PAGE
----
While the cases of COVID-19 are multiplying in prisons, detention centres and in places of custody, faced with the risk of a massive spread of the virus behind the walls, FIDH (the International Federation for Human Rights) calls for urgent measures to be taken to preserve the health of detainees, and for the release of the most vulnerable, of those detained for minor crimes and on remand custody, and of those whose detention is contrary to international norms.
In times of crisis, governments have an obligation to protect those who are most vulnerable. Prison populations, confined to detention facilities that can easily become virus hotspots, are among those most vulnerable to the threat of the COVID-19 pandemic. This is a particular risk where collective cells and overcrowding are the norm, where social distancing is impossible to achieve, where many detainees are awaiting trial, and where the prisons’ health services are unprepared.
Over the past weeks, throughout the countries and regions where the COVID-19 virus has spread, many prison inmates, staff and/or caregivers have tested positive for the virus. Hundreds of inmates with virus symptoms have been “confined”. Tensions in prisons have also increased in the context of the spread of the virus, in reaction to the overcrowding of prisons, to the lack of personal hygiene or health services, or to restrictions on visits —notably when those visits enabled adequate food supply-, or other activities.While every prison, detention centre and place of custody constitutes a potential epidemiological outbreak, the spread of the virus in places of detention will be inevitable unless urgent measures are taken to mitigate this risk.

Echoing concerns expressed by the UN High Commissioner for Human Rights, the African Commission on Human and People’s Rights, the Council of Europe Commissioner for Human Rights, the Inter-American Commission on Human Rights, and the European Committee for the Prevention of Torture and Inhuman or Degrading Treatment or Punishment (CPT) in its COVID-19 Statement of Principles, FIDH calls on governments to relieve congestion in prisons by releasing vast numbers of prisoners through various means, including temporary or early releases and amnesties; home detention and commutation of sentences.

Such measures should be consistent with States’ obligations under the UN Standard Minimum Rules for the Treatment of Prisoners (revised and adopted as the “Nelson Mandela Rules”) which detail measures aimed at ensuring adequate personal hygiene, health, and safety of prisoners.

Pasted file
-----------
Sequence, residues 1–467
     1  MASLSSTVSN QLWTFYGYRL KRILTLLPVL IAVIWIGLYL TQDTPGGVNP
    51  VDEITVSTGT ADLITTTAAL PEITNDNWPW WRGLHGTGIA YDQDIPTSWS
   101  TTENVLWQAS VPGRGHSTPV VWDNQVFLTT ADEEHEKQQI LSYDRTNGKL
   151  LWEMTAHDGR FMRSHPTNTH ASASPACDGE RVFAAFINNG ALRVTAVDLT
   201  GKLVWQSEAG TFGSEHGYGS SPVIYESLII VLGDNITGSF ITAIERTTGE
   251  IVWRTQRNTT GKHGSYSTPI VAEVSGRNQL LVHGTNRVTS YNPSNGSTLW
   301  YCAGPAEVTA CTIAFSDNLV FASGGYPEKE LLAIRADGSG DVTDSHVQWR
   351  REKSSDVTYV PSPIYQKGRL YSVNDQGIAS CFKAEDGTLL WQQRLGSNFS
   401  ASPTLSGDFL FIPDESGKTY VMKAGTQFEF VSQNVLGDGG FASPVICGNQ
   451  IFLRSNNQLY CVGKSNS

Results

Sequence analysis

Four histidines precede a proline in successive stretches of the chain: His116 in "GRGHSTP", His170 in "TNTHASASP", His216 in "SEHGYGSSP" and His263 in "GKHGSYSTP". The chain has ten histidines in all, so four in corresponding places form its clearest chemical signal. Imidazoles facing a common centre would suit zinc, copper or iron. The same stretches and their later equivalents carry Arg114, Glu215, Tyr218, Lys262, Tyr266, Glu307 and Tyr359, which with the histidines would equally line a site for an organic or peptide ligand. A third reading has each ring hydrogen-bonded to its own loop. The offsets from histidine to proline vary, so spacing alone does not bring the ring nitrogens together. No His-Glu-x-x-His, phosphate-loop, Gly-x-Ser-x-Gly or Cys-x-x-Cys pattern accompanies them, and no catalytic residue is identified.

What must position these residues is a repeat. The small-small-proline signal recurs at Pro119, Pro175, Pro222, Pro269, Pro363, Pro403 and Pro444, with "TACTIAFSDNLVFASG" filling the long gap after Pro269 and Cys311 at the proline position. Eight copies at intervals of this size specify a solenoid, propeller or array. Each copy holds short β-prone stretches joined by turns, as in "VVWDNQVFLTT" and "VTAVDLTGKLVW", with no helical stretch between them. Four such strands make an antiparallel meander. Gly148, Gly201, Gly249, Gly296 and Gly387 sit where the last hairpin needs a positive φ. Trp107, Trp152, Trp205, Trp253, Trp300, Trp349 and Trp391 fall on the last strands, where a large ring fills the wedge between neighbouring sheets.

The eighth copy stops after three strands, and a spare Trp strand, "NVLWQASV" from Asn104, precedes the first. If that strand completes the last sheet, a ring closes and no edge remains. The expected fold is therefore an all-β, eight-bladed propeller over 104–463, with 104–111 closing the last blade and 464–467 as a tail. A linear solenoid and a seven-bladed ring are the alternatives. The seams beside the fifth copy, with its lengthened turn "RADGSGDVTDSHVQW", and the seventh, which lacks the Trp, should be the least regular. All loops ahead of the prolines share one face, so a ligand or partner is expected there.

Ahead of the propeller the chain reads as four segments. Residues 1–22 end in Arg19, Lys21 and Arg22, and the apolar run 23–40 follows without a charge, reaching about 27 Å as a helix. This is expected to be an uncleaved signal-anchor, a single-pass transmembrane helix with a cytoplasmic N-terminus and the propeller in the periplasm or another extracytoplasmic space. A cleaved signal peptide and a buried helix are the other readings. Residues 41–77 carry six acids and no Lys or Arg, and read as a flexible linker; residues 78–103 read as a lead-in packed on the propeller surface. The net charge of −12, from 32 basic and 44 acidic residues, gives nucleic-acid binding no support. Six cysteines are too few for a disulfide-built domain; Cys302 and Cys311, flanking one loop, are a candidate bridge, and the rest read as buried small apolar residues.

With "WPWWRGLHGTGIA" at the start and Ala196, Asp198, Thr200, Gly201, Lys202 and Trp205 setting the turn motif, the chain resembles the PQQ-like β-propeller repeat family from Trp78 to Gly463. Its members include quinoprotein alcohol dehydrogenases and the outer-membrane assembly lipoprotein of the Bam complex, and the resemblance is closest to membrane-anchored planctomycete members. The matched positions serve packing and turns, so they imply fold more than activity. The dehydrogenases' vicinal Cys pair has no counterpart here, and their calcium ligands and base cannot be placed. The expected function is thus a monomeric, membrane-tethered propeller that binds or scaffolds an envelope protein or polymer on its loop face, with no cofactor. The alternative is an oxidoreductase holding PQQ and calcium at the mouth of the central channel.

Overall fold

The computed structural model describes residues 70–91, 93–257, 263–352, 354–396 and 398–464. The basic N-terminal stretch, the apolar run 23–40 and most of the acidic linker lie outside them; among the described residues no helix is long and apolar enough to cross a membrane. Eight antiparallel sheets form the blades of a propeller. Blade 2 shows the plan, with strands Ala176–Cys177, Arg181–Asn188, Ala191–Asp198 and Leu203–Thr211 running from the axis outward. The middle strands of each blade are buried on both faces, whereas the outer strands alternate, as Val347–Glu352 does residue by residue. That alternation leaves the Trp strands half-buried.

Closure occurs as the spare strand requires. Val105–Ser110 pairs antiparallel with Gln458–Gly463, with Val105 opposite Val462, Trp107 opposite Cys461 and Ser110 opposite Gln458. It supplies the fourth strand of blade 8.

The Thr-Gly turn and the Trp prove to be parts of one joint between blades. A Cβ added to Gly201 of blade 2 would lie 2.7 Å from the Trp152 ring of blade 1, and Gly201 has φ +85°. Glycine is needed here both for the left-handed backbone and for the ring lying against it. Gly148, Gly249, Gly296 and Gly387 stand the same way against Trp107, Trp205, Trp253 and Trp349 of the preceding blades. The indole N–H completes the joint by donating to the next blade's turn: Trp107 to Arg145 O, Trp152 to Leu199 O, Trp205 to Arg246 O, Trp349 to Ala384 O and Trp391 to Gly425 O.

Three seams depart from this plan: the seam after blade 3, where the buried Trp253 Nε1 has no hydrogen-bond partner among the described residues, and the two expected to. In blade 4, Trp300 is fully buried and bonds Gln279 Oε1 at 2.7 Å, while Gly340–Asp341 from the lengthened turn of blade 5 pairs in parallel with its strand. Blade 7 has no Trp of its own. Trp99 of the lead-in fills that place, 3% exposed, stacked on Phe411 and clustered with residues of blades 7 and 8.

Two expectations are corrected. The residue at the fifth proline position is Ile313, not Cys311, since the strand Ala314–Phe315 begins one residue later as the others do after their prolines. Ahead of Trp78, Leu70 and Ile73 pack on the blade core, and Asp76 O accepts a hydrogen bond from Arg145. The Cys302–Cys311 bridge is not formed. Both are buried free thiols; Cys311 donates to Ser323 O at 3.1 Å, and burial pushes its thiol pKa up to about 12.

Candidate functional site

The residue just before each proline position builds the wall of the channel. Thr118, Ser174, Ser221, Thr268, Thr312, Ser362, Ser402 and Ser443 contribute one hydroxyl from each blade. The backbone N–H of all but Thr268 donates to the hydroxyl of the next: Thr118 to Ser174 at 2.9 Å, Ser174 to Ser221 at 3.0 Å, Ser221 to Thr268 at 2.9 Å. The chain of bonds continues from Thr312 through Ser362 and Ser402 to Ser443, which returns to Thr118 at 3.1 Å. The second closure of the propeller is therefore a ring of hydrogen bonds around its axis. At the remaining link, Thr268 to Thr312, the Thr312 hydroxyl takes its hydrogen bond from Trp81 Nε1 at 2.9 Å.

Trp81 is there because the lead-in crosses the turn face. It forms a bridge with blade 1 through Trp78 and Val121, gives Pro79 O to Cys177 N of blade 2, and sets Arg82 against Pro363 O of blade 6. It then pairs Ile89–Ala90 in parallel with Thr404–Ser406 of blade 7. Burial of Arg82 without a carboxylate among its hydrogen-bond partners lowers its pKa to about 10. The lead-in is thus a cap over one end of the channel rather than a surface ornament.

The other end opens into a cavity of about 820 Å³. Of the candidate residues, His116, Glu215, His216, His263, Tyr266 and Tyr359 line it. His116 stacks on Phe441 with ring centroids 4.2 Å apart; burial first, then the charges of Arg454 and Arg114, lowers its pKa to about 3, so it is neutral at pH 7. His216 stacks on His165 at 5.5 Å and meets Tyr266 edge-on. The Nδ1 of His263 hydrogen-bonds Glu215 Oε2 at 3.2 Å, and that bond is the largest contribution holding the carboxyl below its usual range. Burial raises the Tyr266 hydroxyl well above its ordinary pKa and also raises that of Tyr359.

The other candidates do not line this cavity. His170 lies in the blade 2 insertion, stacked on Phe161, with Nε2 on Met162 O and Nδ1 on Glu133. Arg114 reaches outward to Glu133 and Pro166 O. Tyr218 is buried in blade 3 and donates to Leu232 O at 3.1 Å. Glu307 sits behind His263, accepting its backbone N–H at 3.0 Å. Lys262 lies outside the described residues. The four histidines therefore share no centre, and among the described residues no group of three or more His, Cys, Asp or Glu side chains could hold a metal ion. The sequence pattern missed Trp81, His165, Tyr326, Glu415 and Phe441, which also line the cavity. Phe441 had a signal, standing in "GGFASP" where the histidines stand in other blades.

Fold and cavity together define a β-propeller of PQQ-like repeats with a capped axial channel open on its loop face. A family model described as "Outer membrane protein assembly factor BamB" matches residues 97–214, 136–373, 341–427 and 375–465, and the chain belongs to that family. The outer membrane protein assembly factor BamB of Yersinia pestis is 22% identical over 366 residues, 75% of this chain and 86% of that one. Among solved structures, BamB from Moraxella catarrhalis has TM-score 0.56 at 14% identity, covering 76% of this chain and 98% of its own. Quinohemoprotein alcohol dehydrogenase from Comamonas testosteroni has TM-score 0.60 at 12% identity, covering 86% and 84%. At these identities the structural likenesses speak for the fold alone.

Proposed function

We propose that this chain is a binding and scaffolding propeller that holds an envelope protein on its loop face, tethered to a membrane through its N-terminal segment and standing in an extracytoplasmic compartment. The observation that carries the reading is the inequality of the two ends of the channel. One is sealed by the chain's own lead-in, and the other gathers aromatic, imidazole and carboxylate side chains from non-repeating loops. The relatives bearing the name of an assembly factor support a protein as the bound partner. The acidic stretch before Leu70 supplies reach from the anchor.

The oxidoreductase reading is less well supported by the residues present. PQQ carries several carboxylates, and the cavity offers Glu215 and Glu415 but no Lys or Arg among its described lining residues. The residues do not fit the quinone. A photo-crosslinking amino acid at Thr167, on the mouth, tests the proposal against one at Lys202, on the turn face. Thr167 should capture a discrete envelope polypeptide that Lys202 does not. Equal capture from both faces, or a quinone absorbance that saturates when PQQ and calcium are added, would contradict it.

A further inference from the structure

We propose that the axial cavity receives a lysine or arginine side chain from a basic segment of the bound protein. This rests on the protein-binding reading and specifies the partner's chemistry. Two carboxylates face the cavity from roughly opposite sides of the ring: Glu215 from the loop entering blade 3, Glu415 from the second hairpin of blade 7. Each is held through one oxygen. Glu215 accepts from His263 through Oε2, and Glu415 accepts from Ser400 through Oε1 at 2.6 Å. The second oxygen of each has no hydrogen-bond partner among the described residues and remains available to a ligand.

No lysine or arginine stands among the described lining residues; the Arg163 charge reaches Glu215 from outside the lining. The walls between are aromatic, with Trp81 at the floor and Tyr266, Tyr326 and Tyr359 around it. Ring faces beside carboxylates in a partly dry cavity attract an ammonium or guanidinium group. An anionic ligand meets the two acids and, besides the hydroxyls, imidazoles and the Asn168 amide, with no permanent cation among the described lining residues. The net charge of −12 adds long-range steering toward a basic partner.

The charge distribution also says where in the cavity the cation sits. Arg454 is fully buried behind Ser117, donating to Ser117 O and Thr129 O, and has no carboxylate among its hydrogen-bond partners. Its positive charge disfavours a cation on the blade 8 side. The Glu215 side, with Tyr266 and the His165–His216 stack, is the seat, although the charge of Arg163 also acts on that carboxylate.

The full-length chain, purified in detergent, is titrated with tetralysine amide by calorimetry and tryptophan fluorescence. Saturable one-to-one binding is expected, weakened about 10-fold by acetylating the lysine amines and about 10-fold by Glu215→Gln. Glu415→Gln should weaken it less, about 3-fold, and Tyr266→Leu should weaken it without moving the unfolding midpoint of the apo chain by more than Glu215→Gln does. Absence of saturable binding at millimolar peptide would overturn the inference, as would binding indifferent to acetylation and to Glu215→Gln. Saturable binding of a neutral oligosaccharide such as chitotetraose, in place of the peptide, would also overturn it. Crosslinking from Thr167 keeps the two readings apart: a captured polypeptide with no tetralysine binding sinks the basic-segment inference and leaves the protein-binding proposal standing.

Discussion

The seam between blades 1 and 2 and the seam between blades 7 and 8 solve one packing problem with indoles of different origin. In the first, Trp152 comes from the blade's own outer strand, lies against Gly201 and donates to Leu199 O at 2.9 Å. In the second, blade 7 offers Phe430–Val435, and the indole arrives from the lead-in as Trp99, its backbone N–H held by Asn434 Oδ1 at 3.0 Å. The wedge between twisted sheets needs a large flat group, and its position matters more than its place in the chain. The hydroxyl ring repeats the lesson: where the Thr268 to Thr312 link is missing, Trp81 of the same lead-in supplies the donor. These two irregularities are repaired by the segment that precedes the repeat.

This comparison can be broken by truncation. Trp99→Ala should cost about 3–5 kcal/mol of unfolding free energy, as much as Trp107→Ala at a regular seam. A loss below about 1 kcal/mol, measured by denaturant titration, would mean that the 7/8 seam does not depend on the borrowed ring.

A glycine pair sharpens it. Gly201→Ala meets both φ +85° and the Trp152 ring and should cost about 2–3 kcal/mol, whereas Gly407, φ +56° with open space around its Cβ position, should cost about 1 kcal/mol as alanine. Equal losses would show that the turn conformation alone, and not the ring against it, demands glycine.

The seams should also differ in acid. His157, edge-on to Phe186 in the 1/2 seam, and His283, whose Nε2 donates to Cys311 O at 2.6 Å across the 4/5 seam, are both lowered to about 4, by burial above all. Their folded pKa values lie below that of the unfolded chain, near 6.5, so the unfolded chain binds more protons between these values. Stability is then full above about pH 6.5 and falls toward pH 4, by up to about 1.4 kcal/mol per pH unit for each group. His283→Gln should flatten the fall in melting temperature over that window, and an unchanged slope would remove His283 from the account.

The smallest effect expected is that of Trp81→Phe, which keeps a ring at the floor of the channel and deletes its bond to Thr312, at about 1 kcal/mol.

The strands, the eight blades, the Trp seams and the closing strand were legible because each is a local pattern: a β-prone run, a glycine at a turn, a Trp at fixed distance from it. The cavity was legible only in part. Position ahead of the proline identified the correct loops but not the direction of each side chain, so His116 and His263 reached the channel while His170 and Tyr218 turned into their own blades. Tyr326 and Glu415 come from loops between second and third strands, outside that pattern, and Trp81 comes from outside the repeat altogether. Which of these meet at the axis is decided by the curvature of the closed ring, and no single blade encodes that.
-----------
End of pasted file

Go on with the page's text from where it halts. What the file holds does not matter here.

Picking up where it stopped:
We welcome the move by a number of countries, including Argentina, Chile, Ethiopia, Indonesia, Iran, Tunisia and Turkey to begin releasing prisoners in an effort to reduce overcrowding and prevent the spread of the virus. These efforts however have been inconsistent with many of these countries’ human rights obligations and with international institutions’ recommendations.

In countries like China, Egypt, Iran or Turkey, where the policies of mass incarceration of journalists, whistle blowers, human rights defenders, political prisoners or of civilians taking part in demonstrations are in flagrant contradiction with international human rights norms, prison releases have not included these persons.

States should thus follow specific priorities for the releases, that are guided by the vulnerablity of the individual detained as well as the motives for his or her detention. As such, priority should be given to the elderly, to pregnant women and to children, to those with underlying health conditions, as well as to administrative detainees, to individuals detained for minor or non-violent offences, and to detainees awaiting trial. In addition, prisoners of conscience, prisoners detained for expressing their opinions, human rights defenders, whistleblowers, and undocumented migrant detainees should be immediately and unconditionally released.

Governments should also ensure that during the COVID-19 pandemic the human rights of all those who remain in detention are upheld. As such, measures adapting the conditions of detention, with regard to food, health, sanitation and quarantine measures, to prevent the spread of COVID-19 within the facilities, should be put in place, to guarantee decent living and health conditions for all detained persons.